Tooele Transcript Bulletin – News in Tooele, Utah

February 11, 2016
Tarantula wasps fight tarantulas

The tarantula wasp, also known as the tarantula hawk, is a two-inch wasp that is known for pursuing tarantulas in order to capture and provide food for their larvae. They are durably strong and are recognized by their black or bluish bodies, with noticeably bright or rusty-orange wings. Having an aposematic effect on animals, their orange wing color warns posing predators that they are weaponized and are going to hurt if eaten.

Though these wasps are not aggressive, non-deadly, and are reluctant to sting, they are not bluffing with their wing’s warning-signal. With stingers at a length up to 1/4 of an inch, their stings are described as utterly excruciating. It is also said that tarantula wasps have the most painful stingers in the United States and it is best to just leave them alone and not harass them. If that’s not convincing enough, they also rank to have the world’s second most painful sting.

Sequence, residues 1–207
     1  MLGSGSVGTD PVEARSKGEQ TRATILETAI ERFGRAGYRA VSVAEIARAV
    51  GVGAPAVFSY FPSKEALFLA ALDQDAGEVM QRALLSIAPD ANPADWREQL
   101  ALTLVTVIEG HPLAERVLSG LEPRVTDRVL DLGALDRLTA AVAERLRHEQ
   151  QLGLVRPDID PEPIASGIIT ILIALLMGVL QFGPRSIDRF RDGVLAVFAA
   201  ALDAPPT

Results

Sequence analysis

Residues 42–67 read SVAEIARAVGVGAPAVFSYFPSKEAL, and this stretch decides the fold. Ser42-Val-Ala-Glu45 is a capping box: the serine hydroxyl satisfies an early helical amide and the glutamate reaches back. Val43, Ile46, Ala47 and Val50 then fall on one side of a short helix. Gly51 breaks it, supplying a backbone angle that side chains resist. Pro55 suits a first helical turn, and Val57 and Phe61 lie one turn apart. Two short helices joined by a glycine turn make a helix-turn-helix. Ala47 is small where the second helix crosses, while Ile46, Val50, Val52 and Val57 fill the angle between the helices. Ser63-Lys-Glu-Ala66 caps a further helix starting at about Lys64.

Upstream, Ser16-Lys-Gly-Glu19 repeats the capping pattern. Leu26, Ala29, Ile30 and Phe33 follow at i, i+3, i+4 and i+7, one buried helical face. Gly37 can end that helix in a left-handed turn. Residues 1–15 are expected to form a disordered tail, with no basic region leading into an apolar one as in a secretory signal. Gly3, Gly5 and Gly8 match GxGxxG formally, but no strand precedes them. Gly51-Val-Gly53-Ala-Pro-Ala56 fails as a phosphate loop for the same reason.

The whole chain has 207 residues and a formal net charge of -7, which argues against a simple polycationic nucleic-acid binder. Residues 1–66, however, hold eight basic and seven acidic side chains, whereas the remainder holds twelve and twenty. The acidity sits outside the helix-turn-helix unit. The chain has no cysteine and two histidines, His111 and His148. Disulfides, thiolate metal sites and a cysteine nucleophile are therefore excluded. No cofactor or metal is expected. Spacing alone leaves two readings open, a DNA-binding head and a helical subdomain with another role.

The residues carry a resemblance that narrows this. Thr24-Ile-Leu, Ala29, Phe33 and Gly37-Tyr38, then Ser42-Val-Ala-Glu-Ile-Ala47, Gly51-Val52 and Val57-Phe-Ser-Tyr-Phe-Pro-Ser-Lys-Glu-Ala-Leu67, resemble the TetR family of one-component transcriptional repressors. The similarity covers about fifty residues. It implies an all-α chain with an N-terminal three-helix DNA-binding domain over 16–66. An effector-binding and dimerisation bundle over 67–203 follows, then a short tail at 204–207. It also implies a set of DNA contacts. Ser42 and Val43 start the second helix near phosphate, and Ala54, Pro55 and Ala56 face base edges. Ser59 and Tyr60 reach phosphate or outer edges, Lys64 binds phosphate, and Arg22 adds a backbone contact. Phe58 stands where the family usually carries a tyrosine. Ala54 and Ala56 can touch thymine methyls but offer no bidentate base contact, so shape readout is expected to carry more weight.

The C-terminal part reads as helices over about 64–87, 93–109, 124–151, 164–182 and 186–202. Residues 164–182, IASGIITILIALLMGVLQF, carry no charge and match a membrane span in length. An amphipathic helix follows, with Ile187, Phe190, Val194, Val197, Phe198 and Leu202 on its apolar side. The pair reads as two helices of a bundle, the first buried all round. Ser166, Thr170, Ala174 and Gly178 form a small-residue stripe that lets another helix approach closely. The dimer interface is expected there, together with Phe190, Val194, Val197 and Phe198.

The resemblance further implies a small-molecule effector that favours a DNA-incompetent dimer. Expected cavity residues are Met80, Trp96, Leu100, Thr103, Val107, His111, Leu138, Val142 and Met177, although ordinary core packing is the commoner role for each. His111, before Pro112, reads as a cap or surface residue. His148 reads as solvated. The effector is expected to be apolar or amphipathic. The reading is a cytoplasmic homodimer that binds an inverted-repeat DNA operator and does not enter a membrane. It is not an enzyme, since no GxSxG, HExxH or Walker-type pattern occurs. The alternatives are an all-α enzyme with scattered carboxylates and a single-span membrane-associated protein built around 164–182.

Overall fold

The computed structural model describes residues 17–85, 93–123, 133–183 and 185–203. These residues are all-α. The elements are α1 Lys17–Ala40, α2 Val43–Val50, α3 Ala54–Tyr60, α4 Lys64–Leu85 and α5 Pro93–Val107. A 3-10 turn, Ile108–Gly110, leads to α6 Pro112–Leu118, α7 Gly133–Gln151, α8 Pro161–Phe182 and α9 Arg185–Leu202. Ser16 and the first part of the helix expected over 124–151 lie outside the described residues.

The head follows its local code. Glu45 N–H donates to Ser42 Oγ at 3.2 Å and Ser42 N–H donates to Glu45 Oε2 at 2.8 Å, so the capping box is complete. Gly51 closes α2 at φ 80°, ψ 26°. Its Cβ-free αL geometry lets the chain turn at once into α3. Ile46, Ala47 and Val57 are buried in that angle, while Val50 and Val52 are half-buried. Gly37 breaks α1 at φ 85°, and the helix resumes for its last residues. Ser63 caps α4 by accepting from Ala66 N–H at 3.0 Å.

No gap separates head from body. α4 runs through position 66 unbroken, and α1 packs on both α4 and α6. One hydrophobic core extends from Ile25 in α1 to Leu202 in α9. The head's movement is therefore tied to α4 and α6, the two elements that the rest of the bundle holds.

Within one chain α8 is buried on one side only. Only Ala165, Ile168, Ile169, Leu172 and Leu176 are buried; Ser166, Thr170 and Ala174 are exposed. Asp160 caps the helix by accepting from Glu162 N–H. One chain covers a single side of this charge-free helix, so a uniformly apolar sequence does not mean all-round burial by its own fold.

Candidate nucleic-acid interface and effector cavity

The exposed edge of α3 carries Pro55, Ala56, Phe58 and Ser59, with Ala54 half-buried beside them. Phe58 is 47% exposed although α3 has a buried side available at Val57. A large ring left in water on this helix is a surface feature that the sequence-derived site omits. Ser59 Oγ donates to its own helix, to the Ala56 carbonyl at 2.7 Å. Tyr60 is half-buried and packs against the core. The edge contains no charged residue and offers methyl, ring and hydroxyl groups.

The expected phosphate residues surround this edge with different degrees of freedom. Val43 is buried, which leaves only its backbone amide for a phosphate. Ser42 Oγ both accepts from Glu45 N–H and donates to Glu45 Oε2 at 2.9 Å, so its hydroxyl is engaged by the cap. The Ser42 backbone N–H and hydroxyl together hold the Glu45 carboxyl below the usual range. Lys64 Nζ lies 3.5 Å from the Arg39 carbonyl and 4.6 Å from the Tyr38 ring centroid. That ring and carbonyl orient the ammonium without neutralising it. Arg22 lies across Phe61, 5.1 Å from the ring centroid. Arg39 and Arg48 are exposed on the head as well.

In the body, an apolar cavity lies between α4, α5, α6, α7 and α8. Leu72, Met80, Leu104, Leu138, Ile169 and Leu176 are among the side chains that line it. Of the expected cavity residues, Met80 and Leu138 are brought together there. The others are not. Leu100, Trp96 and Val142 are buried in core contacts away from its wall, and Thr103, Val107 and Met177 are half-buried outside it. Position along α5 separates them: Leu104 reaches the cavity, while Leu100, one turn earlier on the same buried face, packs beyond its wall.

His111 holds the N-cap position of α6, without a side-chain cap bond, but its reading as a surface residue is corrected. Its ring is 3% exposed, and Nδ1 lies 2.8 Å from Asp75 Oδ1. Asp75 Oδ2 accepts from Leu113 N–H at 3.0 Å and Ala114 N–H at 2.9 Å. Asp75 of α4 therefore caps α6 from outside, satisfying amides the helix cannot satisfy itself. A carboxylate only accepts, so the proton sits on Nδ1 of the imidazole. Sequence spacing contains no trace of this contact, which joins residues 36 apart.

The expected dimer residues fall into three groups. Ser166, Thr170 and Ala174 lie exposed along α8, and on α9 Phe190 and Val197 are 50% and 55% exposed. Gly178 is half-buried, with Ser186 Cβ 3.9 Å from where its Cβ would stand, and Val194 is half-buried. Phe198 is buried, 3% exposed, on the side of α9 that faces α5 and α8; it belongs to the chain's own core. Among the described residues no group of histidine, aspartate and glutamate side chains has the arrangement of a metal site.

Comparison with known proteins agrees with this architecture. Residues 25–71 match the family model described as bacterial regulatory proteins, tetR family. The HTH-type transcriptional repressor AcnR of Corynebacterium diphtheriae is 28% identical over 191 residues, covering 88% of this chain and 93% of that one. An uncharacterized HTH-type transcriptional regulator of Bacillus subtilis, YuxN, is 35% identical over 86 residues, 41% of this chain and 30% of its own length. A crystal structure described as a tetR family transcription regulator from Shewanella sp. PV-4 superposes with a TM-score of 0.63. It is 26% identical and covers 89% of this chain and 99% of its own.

Taking on tarantulas that range in size from 3-5 inches, it is the female tarantula wasps that begin pursuing these spiders once they are ready to reproduce. Mated female wasps will patrol the ground for a tarantula’s burrow after digging themselves a brooding nest, which is in preparation for the captured spider. Once a tarantula is located, the female and tarantula fight an entangling battle until one loses. In most cases after the tarantula has lost to the wasp’s paralyzing sting, the female then drags the helpless spider back to its brooding den. After laying a single egg on the tarantula, the female then seals the den’s entrance off, leaving the live but motionless spider with her egg. Eventually after hatching, the larva eats through the spider’s abdomen and overwinters inside it. Unfortunately for the tarantula, the larva purposely avoids eating the vital organs to keep the spider alive and fresh for as long as possible. After undergoing its pupa stage and several weeks of eating, the larva tarantula wasp becomes an adult and digs its way from the den to repeat the cycle.

Taylor Lindsay is a writer and photographer of creatures both big and small. She can be contacted at CritterChatter@live.com.

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